Buffalo Rock Co., the Birmingham, Ala.-based Pepsi bottler and vending operator, tested this theory by installing a cash recycler in 20 machines across three regions. Buffalo Rock compared sales data based on the previous year’s figures to determine the impact of cash recyclers, and found sales lifts ranging from 15 percent to more than 75 percent.
“Customer convenience is a major goal for us, and a sales lift confirms the reliability of recycling technology,” said Mike Bunt, general manager of corporate marketing equipment at Buffalo Rock. “In most cases, we achieved at least a 15 percent sales lift since installing the recyclers with virtually no jams of service problems. We will continue to integrate recyclers into our other vending machines. This is a huge win for us.”
Prevent Customer Attrition
Hand-in-hand with improving sales lift, cash recycling technology also helps drive sales by creating loyal customers who are not forced to find alternative retail sources that will accept what’s in their wallet or pocket.
There are more convenience stores, super gas station stores and alternative retail channels in operation than ever, most of which now accept debit, credit and large denominations. Consumers have many other easy options for buying snacks, beverages, candy, etc. In fact, the number of U.S. c-stores increased 1.2 percent in 2010 to more than 146,341 – the highest number of stores ever recorded. This doesn’t even take into consideration all of the other types of retail outlets.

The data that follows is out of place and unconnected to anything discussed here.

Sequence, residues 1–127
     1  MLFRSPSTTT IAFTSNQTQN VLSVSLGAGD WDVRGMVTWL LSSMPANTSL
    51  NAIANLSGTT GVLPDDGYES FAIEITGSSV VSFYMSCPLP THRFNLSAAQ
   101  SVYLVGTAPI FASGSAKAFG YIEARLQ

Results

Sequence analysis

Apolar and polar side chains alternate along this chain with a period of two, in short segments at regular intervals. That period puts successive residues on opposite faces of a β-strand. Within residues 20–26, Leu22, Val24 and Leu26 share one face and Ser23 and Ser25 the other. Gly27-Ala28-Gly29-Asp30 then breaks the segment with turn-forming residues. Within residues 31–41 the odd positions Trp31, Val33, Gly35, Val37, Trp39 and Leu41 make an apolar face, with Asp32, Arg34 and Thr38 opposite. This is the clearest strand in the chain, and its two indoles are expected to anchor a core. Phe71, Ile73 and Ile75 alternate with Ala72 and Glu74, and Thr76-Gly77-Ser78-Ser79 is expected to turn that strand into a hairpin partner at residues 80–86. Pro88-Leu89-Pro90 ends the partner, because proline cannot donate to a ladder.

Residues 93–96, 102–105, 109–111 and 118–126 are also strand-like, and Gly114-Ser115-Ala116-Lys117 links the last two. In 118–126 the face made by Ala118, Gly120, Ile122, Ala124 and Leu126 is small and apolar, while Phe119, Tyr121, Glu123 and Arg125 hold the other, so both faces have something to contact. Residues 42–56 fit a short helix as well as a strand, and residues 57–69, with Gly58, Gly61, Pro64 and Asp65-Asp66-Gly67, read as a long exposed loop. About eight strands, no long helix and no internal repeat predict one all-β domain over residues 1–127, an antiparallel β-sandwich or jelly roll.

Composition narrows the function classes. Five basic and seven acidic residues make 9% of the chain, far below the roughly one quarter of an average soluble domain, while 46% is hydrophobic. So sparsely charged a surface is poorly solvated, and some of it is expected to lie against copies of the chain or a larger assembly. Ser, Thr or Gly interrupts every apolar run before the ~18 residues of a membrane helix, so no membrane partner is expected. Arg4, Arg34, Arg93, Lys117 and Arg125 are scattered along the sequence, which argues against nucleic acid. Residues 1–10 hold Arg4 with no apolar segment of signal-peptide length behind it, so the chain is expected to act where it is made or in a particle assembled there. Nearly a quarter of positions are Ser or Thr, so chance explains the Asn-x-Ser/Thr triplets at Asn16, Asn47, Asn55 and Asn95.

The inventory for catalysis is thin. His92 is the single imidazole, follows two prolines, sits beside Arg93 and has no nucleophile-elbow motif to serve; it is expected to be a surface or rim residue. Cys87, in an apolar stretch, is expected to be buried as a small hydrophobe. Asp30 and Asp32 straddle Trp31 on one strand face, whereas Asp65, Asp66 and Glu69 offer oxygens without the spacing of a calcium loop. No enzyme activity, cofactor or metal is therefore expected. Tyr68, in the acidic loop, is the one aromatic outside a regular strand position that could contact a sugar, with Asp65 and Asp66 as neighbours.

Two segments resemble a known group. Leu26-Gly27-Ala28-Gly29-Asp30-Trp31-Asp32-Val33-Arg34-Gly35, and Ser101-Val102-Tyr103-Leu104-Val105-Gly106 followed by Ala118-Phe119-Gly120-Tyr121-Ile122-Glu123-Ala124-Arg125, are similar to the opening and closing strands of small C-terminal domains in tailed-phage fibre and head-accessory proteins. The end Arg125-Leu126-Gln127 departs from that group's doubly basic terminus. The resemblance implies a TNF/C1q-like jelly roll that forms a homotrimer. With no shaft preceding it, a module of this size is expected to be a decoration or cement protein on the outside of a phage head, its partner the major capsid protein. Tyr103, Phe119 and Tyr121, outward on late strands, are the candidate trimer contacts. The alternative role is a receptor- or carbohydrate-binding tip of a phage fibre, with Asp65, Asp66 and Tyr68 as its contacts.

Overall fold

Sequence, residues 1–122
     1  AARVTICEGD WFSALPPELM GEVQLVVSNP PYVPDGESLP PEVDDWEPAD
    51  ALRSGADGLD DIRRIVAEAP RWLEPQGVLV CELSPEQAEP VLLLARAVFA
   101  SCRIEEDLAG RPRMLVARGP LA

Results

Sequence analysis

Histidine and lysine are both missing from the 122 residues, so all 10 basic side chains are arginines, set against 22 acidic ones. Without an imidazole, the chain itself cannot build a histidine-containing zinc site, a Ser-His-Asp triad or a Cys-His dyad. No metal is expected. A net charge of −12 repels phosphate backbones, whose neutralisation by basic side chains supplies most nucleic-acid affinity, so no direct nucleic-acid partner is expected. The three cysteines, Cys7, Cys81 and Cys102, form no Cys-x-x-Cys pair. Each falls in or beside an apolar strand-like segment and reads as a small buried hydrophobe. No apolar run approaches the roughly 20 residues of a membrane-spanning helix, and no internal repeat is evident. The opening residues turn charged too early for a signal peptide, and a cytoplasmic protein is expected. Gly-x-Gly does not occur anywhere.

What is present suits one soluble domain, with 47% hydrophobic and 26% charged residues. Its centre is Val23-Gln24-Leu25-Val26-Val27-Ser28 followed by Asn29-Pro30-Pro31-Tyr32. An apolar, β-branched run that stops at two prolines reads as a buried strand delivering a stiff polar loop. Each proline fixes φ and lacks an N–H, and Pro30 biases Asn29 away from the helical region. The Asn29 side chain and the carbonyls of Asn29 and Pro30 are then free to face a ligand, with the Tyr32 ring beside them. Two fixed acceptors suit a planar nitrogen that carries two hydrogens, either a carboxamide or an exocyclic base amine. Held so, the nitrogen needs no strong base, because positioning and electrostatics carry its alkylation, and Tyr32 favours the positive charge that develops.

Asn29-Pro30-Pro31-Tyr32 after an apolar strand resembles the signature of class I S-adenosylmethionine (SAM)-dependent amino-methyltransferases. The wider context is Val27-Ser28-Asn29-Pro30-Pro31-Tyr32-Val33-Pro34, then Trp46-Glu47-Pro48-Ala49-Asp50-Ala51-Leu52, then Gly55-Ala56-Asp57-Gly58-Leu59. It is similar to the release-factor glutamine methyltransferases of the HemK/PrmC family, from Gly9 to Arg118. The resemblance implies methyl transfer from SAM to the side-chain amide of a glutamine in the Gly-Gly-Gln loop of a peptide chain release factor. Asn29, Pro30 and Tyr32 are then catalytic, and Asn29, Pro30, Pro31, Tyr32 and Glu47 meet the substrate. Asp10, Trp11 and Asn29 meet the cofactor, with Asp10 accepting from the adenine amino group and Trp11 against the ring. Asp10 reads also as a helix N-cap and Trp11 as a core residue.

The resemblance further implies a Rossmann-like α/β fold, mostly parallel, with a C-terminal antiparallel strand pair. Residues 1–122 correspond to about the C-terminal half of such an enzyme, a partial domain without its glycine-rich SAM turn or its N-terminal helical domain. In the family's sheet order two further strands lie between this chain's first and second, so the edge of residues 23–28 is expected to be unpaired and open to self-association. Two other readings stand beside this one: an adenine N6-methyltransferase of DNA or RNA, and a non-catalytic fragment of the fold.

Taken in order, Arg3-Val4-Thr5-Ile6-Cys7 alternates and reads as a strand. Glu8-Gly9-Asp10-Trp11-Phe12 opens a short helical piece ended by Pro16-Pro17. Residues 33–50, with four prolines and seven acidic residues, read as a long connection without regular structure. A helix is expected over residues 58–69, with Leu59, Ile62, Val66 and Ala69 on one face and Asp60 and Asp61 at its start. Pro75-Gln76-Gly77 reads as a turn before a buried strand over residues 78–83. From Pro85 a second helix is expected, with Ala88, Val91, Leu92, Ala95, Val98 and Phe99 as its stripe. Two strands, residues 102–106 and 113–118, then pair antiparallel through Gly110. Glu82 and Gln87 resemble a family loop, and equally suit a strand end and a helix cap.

A Way to UpSell
An unexpected advantage to cash recycling technology is the newfound opportunity to sell higher-priced products such as sandwiches and specialty sports drinks. West Coast Vending, Buffalo Rock, and Cotton Candy Vending all recognized how the ability to efficiently accept higher denomination bills in their vending machines opens up new product offering doors.
No longer hindered by cash management constraints, vending machines equipped with cash recyclers allow operators to be more flexible in their product selection. This is especially true when machines are also equipped with credit card readers.
Build for the Future
Today, 77 percent of Americans age 18 or older have at least one credit card. Many consumers claim to use their credit and debit cards much more often than cash – it’s their go-to payment of choice when their wallets are thin. Consequently, combining a cash recycler with a credit card reader enables vending operators to completely unlock consumers’ wallets…never having to turn away a customer from limited payment options again.
This benefit translates into hard numbers, too. Consider this scenario – for a machine generating $60 per week in gross sales (with a $1.25 vend price), operators will see a $615 per machine sales lift annually if they use both a credit card reader and recycler.
With a higher average vend price of $2.50, operators can increase sales annually by $2,349 per machine.
Multiply that sales increase across an entire region of machines and the revenue growth for a vending operator is substantial.